First town hall meeting held to address concerns with Echo Park Lake fence removal

Newly-elected councilmember Hugo Soto-Martinez held his first town hall meeting Thursday for Spanish speakers in the Echo Park community to address concerns about his plan to remove the fence around the lake.

Soto-Martinez announced that the chain-link fence surrounding the lake will be removed. He campaigned on that message, and won.

"Tonight [Thursday] we're gonna have our very first public town hall to hear folks' concerns and we're gonna talk about our plan as much as we can about us taking down the fence at Echo Park lake. I know there's a lot of emotions behind this but that's my job now. I want to bring people together on this very polarizing issue," said Soto-Martinez.

It has been nearly two years since more than 180 people living in encampments at the park were removed. The removal efforts in March of 2021 were met with large protests, controversy and arrests. The park was then closed for repairs and then reopened with the fence.

RELATED: Residents voice concern over idea of fence around Echo Park coming down

"What it symbolizes, what fences have been historically for years, are band aids. If you look at any fences put up around different parks, it's truly the elected officials could not solve the root causes of why the fence went up in the first place," said Soto-Martinez.

However, many residents in Echo Park are concerned about what will happen if the fence is removed, and shared their concerns during the town hall.

"I'm really concerned. I'm worried about  the fence coming down from the park. I'm born and raised here in Echo Park and during the encampments, the crime rates went up, it was very challenging for the residents in the neighborhood to occupy the park, and we have a lot of kids here that don't have backyards so Echo Park is important to them. We are afraid that taking down the fence is gonna bring back crime and drug abuse and just everything else we had going on here a couple years ago. I think that we've been completely drowned out by activists and sadly, a lot of them don't live in this community," said Nancy.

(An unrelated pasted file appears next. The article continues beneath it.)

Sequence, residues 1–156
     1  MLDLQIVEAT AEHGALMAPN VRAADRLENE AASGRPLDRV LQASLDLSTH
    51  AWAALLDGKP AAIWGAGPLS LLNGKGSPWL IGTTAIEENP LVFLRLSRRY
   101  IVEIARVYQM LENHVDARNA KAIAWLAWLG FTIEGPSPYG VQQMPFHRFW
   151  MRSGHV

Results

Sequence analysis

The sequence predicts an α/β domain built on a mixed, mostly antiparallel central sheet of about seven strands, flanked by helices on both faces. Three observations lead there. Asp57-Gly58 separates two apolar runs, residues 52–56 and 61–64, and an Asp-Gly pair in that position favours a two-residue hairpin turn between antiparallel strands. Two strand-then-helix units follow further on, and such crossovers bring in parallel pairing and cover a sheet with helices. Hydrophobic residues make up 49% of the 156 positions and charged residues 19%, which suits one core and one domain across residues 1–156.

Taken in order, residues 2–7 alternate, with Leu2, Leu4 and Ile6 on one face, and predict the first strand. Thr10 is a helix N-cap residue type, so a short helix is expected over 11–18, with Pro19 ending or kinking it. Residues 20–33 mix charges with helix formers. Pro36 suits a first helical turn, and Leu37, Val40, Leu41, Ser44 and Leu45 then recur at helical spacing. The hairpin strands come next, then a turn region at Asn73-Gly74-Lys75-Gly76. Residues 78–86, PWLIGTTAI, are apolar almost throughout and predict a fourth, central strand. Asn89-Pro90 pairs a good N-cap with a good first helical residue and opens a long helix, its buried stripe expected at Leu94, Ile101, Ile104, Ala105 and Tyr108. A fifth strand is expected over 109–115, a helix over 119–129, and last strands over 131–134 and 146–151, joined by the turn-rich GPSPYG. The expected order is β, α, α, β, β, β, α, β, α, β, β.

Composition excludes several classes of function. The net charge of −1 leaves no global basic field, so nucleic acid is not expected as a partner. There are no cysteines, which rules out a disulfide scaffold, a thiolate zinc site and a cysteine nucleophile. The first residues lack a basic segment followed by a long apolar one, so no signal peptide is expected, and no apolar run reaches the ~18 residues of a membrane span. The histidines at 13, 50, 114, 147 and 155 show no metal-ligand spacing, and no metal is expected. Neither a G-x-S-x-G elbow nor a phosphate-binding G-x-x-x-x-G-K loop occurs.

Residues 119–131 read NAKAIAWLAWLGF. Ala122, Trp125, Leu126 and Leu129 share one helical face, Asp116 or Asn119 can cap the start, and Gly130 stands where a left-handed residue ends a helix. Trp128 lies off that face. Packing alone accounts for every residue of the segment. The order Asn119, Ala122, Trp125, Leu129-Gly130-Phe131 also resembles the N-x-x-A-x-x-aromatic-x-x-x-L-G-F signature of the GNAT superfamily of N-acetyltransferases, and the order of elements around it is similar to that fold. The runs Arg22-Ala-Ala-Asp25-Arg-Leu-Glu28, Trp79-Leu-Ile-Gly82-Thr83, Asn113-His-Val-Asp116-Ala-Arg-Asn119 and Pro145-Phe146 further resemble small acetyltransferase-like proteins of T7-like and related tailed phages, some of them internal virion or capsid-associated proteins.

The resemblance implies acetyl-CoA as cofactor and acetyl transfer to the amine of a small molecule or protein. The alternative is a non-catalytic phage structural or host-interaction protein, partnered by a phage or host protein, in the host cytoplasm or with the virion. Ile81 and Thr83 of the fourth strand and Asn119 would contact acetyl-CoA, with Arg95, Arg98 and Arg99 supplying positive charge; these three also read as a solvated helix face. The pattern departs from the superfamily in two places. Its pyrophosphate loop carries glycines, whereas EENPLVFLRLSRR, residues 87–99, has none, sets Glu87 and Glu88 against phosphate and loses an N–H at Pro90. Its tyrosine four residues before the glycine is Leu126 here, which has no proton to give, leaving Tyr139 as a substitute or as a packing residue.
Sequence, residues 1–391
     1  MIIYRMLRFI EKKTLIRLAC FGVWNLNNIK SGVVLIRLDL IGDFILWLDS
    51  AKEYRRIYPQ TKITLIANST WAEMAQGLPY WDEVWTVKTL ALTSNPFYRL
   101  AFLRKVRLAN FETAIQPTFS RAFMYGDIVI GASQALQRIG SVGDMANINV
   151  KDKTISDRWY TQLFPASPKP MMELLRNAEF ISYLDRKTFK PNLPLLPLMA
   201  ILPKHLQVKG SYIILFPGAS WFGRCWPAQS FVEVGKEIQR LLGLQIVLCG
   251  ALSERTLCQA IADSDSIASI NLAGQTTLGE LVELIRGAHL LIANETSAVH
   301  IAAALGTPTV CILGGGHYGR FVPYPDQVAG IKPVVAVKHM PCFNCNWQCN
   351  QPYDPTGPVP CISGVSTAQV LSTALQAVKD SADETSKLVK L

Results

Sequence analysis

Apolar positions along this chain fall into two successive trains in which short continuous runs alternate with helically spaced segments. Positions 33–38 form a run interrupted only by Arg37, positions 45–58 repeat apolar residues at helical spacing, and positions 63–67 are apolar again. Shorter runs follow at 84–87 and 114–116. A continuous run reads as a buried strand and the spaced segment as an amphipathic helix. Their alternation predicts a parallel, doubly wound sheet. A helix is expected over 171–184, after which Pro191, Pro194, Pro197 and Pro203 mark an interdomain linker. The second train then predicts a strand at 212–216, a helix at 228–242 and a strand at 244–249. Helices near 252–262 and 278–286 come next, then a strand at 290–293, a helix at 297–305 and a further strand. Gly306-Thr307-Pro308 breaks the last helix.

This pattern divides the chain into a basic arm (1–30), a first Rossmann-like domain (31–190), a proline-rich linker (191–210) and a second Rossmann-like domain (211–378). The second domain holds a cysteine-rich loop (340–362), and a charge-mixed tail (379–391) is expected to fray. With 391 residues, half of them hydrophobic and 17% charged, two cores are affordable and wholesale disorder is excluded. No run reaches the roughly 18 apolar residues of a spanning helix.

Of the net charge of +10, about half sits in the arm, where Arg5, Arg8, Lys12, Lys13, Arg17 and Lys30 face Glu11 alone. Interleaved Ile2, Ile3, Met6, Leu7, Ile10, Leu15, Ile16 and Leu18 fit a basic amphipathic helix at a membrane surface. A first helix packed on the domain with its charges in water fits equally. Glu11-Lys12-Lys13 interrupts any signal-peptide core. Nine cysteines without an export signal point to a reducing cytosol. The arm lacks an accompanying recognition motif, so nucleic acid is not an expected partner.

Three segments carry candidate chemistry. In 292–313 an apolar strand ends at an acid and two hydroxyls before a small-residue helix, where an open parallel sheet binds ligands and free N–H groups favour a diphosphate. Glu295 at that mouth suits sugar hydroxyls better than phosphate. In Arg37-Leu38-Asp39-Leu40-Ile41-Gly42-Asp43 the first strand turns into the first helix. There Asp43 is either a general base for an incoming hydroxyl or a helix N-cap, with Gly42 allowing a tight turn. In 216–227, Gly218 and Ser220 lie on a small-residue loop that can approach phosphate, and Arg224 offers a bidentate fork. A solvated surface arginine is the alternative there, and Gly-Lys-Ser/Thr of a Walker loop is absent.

Nancy said residents feel like their voices are not being heard.

"We feel powerless. We're afraid that this new administration is not listening to the community but moving an agenda, an agenda to further their political career so we're very concerned. For Hugo, do what's right for your community, for the constituents that pay your salary, for the people here that pay taxes," said Nancy.

Gil Mangaoang, a resident who lives directly across the street from the lake, also has concerns.

"During the period when there was the homeless encampment, our unhoused neighbors had a lot of activity going on that was really detrimental to the quality of life for people who really do live in this neighborhood and live around the park. Four people died there. We'd hear people screaming and yelling. It was horrible," he said.

Mangaoang said the park has been peaceful since the fence went up.

"It returned back to what it was prior to the encampments and it's such a thriving opportunity. A fence does not divide people. A fence keeps an area secure, safe and clean for everyone," he said.

Resident Suzanne also shared her concerns at the town hall.

"I think that the fence is incredibly important for safety reasons, for everyone who lives in the neighborhood, who comes to enjoy the park in the day, afternoon, and evening. It's really important for the animals. It has been troubling to see how the park is not cared for when we don't have the fence so this is a safety issue and it's an issue for everyone. I think it's divisive to not have the fence," she said.

There was a large encampment directly outside of El Centro Del Pueblo, where the meeting was held, and several residents asked Soto-Martinez about how he plans to prevent more at the lake, if the fence is removed.

Soto-Martinez said when the fence is removed, if unhoused residents appear, he plans to have services for them.

"The plan is to have people ready. If someone does show up at the park because of whatever got them to be unhoused, then we're gonna have the team ready to lead with services to make sure that person gets into housing as soon as possible. People remember the state of the park before the fence went up so I'm saying I completely agree with you, that should never return and we're gonna present a plan and that's gonna be a collaboration with all of the people who can make sure that's not gonna happen," said Soto-Martinez.

The councilmember said he does not have an exact date for the fence removal, and will be holding another town hall for English speakers on Saturday.